Ex-AIB trader could face charges soon
Suspended currency trader Mr John Rusnak could face criminal charges as early as today for his alleged role in a trading scam that landed Allied Irish Banks in the one of the biggest scandals in recent banking history.
Federal authorities in Baltimore are expected to bring charges against Mr Rusnak after four months of investigation into $691.2 million in losses which Mr Rusnak allegedly racked up by executing unauthorized trades while employed by AIB's US subsidiary, Allfirst Financial.
Mr Rusnak's attorneys, who have said in the past that their client stole nothing from Allfirst, did not return phone calls today.
It is not clear what charges could emerge from the federal bank fraud and embezzlement inquiry undertaken by the FBI and the US attorney's office for Maryland. Neither federal agency would comment on the case yesterday.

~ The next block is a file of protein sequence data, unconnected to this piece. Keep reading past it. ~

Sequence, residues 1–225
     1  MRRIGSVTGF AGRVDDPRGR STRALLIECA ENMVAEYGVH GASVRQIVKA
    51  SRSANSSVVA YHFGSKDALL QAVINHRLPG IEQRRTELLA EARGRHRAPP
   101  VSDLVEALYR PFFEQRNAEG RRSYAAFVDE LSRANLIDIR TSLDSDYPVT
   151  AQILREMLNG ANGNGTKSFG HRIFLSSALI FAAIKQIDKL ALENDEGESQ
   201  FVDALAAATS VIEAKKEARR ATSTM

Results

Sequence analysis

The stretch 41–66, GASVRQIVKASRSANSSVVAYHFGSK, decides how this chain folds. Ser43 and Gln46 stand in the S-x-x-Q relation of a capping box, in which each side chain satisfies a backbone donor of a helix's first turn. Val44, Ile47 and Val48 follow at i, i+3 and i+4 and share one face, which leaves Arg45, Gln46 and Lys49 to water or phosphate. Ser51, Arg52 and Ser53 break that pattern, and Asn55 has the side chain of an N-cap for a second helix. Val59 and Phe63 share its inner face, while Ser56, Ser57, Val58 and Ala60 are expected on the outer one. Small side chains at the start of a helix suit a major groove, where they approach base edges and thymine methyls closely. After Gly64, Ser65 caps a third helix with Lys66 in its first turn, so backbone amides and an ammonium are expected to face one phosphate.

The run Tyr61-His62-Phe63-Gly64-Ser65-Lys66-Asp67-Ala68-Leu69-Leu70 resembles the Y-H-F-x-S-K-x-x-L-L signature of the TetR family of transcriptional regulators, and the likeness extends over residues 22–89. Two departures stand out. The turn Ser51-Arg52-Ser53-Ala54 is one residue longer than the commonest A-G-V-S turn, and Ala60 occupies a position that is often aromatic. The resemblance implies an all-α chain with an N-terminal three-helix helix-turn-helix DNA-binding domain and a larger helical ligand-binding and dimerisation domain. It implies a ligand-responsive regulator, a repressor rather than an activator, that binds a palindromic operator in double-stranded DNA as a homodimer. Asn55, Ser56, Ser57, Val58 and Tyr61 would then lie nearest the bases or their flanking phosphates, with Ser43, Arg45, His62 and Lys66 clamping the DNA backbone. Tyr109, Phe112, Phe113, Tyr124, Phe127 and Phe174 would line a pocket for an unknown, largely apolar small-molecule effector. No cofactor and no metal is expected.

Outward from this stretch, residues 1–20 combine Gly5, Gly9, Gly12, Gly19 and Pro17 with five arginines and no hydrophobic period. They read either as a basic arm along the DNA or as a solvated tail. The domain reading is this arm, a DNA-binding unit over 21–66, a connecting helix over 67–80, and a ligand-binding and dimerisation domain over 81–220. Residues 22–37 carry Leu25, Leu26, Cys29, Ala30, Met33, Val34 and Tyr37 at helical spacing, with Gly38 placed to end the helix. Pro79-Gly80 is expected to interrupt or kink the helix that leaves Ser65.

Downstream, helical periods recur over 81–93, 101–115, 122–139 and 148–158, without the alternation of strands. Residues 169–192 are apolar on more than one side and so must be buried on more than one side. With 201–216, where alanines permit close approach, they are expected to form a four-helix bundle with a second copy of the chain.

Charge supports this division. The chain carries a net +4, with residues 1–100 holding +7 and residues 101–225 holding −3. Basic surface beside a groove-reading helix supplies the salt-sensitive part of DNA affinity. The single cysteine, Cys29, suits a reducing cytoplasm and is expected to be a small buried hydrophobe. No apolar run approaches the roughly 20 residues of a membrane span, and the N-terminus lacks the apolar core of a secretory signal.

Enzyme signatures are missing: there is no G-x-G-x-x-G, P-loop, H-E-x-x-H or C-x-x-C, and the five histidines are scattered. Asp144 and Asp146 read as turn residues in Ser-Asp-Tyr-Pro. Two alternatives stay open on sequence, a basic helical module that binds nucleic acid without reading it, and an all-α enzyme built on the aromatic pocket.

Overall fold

Soon after AIB executives revealed the Baltimore-based subsidiary's massive trading losses on February 6th, sources close to the investigation said Mr Rusnak had begun providing information to criminal investigators in hopes of securing a plea bargain.
In cases that involve plea bargains, charges agreed upon by prosecutors and defense attorneys are filed in a document called a criminal information to which the defendant can plead guilty.
However, charges can also take the form of a grand jury indictment, which is a formal accusation.
Sources have suggested that bankers besides Mr Rusnak could be charged in the investigation, noting that the former trader courted brokers and financial executives in the foreign exchange market with meals, hotel stays, golf trips and tickets to the NFL Super Bowl.